for the crime of being on the streets. Any gathering other than the
permitted march (which was a great, festive march involving many
thousands of participants from all walks of life, albeit with a
ridiculously large, armored and menacing police escort ) was
declared an unlawful assembly and then attacked. I saw it myself on
Thursday night and then again, much worse, on Friday night.

And what kind of unlawful assembly are we talking about? Hundreds of
students and other folks, a few of whom may have broken a window or
two at some point during the evening in the course of being pursued
by violence-prone riot police, who were ultimately gathering on the
grass on the campus of the university in the Oakland district of
Pittsburgh. They had no weapons, they were unarmed, mostly youth,
mostly college students from various parts of the country, along with
perhaps an equal group of local college students, most of whom were
just curious and didn't even have anything to do with the protests
many of whom in fact were just wondering what there is to protest
about! They soon found out one thing to protest about police
brutality and active suppression of our Constitutional rights.

I have no doubt that the Pittsburgh police (and cops present from, of
all places, Miami as well as other cities) will in the end have
radicalized many local students who had previously been apolitical,
and for this I applaud them.

On Friday night I went to a free concert a local community radio
station was hosting on the campus. It ended around 8 pm. Over the
course of the next two hours there were more and more riot cops
arriving. Why? Because they knew what I knew that a few hundred
young folks were planning on gathering on the green at 10 pm, many of
whom came by bicycle, after having engaged in a criminal, nonpermitted
mass bike ride around the city. Around 9:30 I had to leave to go to a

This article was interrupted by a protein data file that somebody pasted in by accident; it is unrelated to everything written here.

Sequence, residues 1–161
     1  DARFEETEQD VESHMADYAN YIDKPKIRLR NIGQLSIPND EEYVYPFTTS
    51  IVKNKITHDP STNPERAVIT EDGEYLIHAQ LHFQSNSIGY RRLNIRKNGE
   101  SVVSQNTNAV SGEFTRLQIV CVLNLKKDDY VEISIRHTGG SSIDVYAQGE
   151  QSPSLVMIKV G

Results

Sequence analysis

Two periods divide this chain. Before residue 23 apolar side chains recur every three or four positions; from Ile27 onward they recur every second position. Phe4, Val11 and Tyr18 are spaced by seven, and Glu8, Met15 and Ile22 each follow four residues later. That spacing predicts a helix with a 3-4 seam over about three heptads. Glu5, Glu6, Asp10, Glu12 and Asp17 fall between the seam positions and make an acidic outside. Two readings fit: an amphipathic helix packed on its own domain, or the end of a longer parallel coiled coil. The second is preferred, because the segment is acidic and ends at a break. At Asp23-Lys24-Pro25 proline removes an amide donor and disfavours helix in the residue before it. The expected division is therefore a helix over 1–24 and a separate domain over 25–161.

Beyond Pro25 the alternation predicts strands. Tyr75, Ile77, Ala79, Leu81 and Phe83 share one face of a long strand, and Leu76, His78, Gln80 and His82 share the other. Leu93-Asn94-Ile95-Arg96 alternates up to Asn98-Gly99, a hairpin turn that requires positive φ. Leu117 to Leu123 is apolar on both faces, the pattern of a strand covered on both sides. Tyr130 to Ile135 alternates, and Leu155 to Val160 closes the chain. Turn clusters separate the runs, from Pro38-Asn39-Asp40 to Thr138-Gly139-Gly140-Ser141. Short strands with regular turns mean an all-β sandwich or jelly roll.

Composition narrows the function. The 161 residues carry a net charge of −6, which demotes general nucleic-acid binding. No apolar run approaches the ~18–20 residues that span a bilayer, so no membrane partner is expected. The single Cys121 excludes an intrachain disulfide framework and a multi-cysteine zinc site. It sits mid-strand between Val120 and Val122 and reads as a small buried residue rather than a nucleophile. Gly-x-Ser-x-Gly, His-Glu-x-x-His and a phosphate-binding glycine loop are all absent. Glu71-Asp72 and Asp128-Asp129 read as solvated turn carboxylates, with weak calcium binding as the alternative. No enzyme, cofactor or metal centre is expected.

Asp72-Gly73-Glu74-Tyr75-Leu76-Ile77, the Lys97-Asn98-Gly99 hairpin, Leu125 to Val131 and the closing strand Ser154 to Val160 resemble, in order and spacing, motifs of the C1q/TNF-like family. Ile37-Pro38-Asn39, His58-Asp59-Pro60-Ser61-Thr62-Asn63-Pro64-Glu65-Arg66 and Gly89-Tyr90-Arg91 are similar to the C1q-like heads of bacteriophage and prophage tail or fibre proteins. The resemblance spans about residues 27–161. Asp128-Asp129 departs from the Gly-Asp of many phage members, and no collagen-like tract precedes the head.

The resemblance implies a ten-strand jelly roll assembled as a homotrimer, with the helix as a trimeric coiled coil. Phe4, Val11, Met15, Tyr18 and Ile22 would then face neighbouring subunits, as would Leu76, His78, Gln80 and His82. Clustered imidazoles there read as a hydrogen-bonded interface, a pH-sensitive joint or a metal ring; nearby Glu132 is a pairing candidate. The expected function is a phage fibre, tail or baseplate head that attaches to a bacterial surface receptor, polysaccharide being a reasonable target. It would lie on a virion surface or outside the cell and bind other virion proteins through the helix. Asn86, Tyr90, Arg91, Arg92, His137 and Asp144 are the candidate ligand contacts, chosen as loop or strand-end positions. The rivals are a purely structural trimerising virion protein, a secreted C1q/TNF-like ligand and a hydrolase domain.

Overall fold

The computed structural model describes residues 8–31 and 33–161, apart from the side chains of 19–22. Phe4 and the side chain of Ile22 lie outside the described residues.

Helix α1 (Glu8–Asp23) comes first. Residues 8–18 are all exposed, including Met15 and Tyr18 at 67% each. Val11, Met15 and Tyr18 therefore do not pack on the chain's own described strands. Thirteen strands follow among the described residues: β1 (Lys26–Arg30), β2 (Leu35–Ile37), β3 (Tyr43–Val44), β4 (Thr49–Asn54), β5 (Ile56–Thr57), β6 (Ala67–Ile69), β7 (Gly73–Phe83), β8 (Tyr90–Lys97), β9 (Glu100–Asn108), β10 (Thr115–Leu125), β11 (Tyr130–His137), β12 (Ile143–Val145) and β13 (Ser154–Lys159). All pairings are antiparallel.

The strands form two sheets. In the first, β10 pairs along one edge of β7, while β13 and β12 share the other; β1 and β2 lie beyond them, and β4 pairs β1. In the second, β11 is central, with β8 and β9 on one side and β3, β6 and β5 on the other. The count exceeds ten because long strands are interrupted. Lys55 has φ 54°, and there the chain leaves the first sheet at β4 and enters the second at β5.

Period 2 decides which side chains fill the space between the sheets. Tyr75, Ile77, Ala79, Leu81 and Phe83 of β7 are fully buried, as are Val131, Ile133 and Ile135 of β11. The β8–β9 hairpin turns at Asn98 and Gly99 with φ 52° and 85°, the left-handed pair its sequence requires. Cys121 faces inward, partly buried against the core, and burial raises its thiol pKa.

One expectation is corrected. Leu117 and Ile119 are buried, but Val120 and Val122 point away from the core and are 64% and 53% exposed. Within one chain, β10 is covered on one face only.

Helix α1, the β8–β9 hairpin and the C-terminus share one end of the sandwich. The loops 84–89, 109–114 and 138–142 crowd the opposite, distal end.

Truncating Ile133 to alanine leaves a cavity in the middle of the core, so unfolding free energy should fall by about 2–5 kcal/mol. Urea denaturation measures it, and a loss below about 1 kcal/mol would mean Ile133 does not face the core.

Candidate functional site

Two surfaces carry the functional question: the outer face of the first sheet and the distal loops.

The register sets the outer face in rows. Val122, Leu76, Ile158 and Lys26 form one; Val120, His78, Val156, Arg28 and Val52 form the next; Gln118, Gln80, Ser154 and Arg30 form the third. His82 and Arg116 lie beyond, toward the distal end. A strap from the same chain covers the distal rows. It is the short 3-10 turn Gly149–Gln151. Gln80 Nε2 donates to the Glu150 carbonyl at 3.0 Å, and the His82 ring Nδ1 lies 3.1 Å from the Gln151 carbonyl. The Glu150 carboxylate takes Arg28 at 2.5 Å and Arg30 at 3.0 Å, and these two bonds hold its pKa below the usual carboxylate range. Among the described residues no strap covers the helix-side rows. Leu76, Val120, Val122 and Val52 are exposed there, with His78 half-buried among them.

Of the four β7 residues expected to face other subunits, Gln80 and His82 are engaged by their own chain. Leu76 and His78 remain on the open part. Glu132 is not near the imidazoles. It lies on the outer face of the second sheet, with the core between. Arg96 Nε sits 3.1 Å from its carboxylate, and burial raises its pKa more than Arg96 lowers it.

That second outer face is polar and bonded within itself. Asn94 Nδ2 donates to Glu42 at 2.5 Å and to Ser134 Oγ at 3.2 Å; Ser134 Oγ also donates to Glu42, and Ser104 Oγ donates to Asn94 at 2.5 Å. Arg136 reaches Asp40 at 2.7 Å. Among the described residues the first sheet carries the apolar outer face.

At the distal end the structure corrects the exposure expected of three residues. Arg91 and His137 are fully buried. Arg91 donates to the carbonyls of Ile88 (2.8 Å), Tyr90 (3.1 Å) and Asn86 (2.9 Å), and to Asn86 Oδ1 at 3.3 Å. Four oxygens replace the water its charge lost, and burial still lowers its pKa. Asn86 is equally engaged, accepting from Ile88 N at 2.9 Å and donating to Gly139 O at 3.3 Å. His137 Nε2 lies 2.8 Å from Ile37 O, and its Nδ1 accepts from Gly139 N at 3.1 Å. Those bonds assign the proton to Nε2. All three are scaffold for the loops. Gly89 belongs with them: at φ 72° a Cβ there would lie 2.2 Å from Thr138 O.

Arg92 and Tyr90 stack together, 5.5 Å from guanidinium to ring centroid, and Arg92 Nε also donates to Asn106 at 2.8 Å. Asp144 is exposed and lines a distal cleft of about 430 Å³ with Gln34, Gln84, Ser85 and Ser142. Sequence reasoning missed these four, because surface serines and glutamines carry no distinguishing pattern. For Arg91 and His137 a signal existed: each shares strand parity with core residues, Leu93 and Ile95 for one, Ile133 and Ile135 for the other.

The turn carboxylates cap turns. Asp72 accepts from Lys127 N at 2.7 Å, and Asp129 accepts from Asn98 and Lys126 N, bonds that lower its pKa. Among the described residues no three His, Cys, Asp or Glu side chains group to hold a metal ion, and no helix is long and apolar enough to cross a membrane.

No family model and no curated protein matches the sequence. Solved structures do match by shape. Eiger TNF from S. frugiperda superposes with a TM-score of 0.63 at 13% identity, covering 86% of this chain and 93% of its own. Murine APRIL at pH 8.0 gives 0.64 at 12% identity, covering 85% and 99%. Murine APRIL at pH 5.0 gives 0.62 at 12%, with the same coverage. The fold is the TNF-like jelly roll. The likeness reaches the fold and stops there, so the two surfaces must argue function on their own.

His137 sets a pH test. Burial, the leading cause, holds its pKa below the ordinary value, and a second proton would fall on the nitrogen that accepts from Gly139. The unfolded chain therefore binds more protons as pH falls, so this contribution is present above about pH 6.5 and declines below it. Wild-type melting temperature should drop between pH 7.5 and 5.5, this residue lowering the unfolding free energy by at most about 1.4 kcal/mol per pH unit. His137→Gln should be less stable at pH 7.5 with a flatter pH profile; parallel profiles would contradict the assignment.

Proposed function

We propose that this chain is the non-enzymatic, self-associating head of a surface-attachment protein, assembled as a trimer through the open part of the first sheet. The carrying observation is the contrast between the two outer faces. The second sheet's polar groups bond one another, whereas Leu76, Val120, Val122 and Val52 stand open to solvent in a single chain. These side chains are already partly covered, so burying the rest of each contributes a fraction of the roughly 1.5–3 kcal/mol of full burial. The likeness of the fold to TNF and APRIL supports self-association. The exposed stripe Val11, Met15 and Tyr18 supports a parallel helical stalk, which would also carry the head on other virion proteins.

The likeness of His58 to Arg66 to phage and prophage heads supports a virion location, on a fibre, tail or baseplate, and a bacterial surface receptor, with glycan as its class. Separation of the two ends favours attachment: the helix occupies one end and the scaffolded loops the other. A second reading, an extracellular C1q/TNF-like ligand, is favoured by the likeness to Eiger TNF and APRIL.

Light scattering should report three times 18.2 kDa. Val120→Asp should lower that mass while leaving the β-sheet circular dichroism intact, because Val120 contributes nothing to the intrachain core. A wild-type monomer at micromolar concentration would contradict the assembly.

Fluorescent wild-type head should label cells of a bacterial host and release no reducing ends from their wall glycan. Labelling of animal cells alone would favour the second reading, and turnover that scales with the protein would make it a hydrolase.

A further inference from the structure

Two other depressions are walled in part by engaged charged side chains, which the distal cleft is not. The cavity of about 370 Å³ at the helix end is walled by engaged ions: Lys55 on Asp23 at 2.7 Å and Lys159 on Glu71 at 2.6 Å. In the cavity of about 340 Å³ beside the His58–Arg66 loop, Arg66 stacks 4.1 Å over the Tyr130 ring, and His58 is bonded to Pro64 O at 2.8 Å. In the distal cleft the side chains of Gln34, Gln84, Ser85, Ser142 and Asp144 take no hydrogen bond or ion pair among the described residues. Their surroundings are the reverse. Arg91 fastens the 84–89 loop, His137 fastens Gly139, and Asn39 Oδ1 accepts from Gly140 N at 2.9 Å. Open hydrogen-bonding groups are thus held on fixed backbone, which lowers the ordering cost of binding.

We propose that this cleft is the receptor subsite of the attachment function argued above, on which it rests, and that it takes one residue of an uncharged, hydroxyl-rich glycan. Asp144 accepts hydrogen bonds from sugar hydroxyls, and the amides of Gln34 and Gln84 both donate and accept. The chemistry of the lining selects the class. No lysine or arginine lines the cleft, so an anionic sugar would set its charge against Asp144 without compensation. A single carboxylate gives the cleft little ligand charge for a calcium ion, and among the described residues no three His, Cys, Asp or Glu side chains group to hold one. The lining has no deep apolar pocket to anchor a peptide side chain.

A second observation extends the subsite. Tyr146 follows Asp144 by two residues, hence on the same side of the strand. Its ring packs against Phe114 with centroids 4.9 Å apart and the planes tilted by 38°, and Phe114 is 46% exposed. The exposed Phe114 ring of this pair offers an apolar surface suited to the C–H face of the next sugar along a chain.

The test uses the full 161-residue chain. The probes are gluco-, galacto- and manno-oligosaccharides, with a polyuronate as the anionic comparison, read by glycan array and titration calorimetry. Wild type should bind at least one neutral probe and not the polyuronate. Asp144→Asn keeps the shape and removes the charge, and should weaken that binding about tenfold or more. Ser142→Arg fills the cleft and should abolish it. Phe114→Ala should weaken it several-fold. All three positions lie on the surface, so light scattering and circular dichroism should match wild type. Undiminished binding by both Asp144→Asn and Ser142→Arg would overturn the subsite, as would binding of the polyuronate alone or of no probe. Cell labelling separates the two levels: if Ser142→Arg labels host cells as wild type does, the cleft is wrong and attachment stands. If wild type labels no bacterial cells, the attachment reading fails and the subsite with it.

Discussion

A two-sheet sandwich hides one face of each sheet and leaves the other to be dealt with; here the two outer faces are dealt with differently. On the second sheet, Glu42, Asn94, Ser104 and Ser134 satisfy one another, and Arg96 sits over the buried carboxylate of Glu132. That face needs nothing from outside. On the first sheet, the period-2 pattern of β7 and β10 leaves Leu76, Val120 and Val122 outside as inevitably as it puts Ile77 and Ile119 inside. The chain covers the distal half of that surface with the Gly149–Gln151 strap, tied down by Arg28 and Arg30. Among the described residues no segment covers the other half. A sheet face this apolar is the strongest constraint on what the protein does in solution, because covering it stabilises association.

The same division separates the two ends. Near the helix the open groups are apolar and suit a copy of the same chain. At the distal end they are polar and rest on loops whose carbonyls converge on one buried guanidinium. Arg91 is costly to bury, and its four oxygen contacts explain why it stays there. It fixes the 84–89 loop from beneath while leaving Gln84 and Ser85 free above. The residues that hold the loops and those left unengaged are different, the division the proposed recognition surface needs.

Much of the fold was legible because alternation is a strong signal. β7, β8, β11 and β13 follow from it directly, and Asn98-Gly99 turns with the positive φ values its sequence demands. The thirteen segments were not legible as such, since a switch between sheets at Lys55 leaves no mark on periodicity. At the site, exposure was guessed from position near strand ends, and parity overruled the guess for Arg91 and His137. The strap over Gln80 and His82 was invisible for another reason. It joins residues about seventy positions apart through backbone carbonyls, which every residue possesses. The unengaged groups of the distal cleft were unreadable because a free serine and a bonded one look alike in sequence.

different neighborhood, and I returned in my rental car around 11 pm
along with Cindy, Joshua and Sarah.

If the police had made announcements for everyone to disperse (as I'm
sure they had at some point) we were too late for that. What we
arrived in the midst of was a police riot. We parked on the street in
front of the campus and walked on the sidewalk on the campus. Within
seconds we saw a young man on a bicycle, a student at that very
university, being violently tackled by two riot cops, thrown down to
the ground with the police on top of him. All of the police all of
the time were dressed in black armor head to toe, many of them
driving armored vehicles. Earlier in the evening Cindy and Joshua and
I were hanging around one of the armored vehicles while Cindy harassed
the cops and soldiers strutting around there, telling them her son
died in Iraq because he didn't have an armored vehicle like this one.
(They studiously ignored her, of course.)

The young man with the two cops on top of him and his bicycle cried
for help, perhaps not realizing that there wasn't much anyone could
do other than take his name, which he was too freaked out to
pronounce in a way that anybody could understand. Within seconds we
found ourselves running from a group of cops, along with a bunch of
young folks who had their hands in the air, hoping vainly that this
might deter the police from attacking them. It didn't. Off the
campus, a block away, police were running in groups in different
directions, penning people in, throwing them to the ground, hitting
them with clubs, handcuffing them and arresting them.

The four of us (an affinity group I suppose) got separated. Sarah and
I were running and were about to be boxed in by police coming in
different directions. After I was myself clubbed in the back by a cop
with his truncheon, we ducked into the front of the lobby of the
Holiday Inn and started talking with guests, other protesters, and